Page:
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    • Brett Gilbert I enjoyed your playing, very lovely! Nice job on the ornaments also. 

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  • Thank you Hilda for setting off on Week 2.  There are two questions that spring to mind 1) How does one really learn to memorise more than a few bars? 2) How does one memorise Bach, and other lenghty, complicated works?  No need to answer, as I am concentrating presently on reading faster and making sure that I use the correct notes, not ones that are in the chord/harmony and I have used because they seem to fit better under my hand.  It's only occasionally!

     

    I have four shortish Bach pieces that I am working on presently that are all in my diary.  They are basic up to intermediate level.  I am pleased that after a week the ornaments are settling down.  

    Like 1
    • Roy James-Pike Interestingly enough, I find Bach's music easier to memorize, because every voice could be melodic. I don't know if this is helpful, since memorization has never been a weak point for me in music, but maybe this will give something? Perhaps focusing on the melodic contour and such would be useful, and harmonic progressions, and where the story is going?

      Like 3
    • Thurmond R Thanks for the inspiriration to complete the memorisation of at least one piece for this challenge.  I suspect I give up trying to complete the memorisation of a piece of music because it's easier just to refer back to the score when I get stuck.  It would be useful to hear your methodology as you say that it's something that is a strength, so please share how you would approach memorising a piece from scratch.  I memorised the first fourteen bars of the Little C Minor Prelude today.  It will be interesting to see whether I can play them tomorrow without the music.   Best Regards Roy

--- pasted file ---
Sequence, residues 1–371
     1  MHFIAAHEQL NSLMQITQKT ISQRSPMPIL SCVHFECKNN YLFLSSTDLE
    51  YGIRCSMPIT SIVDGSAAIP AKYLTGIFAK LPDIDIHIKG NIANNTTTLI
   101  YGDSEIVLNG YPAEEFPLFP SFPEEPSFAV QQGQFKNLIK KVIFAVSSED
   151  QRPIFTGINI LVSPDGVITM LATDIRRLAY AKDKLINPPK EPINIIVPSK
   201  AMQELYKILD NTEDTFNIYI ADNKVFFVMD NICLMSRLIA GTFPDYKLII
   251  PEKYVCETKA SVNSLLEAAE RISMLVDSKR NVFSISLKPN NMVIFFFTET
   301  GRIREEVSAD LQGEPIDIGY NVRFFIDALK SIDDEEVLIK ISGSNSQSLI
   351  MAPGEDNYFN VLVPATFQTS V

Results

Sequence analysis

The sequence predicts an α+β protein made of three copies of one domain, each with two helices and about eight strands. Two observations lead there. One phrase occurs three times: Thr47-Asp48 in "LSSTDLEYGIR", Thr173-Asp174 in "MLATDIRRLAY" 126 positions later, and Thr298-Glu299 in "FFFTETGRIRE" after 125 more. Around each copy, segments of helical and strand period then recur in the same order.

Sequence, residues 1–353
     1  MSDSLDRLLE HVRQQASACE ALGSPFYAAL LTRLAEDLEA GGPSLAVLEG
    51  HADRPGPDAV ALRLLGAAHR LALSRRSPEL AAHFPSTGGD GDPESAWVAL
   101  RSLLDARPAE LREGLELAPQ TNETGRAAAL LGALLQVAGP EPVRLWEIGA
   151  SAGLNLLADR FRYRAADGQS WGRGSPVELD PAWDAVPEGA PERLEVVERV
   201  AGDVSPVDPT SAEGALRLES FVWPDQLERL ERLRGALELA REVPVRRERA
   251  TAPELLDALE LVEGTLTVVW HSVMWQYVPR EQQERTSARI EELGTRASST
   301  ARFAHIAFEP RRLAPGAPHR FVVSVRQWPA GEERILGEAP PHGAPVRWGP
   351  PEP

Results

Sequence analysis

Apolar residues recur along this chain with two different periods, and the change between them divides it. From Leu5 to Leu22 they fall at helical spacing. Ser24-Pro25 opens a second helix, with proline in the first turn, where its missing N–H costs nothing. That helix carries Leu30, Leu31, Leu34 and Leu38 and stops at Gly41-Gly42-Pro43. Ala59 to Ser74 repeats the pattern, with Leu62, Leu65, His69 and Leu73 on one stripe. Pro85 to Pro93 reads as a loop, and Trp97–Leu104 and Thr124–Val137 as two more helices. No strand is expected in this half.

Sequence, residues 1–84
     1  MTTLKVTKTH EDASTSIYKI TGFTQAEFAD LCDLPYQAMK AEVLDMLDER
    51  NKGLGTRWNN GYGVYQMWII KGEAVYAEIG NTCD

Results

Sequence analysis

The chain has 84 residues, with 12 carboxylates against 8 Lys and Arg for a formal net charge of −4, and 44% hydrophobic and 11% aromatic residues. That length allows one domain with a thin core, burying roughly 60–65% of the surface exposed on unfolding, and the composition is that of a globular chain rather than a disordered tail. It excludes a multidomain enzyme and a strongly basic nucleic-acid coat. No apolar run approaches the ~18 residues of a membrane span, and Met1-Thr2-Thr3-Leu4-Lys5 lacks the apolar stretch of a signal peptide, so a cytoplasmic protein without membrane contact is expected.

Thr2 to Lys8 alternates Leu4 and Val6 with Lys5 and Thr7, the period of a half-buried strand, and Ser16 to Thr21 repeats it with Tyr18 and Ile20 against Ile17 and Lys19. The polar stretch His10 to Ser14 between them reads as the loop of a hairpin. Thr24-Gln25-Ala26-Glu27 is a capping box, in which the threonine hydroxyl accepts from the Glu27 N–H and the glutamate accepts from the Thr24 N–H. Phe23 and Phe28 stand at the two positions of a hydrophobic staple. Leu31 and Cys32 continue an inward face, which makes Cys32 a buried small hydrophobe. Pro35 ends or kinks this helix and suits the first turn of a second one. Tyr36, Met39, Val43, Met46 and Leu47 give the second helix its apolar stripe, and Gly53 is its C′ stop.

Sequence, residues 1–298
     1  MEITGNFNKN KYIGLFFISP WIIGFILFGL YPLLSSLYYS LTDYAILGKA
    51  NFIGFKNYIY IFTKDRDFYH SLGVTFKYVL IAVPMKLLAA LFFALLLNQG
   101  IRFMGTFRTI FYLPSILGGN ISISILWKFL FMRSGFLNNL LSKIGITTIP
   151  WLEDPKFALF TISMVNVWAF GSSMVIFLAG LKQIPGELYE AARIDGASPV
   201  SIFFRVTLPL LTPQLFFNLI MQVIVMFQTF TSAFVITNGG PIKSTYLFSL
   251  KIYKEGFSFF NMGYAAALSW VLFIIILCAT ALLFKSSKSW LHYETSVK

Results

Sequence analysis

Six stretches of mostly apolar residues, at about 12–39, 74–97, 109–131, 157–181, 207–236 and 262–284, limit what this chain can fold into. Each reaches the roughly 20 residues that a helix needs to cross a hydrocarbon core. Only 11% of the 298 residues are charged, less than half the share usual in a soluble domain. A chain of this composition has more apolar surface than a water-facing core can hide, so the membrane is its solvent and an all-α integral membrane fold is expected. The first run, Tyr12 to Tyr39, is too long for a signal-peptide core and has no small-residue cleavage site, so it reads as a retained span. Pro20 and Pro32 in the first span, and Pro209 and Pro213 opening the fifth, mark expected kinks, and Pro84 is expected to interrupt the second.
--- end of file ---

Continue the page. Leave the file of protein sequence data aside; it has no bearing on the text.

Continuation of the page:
Like 1
      • Hilda Huang
      • Concert Pianist and tonebase Piano Community Lead
      • Hilda
      • 6 mths ago
      • Reported - view

      Roy James-Pike Thurmond R I'm so glad that you said that, Thurmond - I am quite with you: I find Bach more straight forward for me to memorize because I can memorize melodies in each of the parts and then stack them on top of one another. I find chopin, by contrast, very difficult to memorize.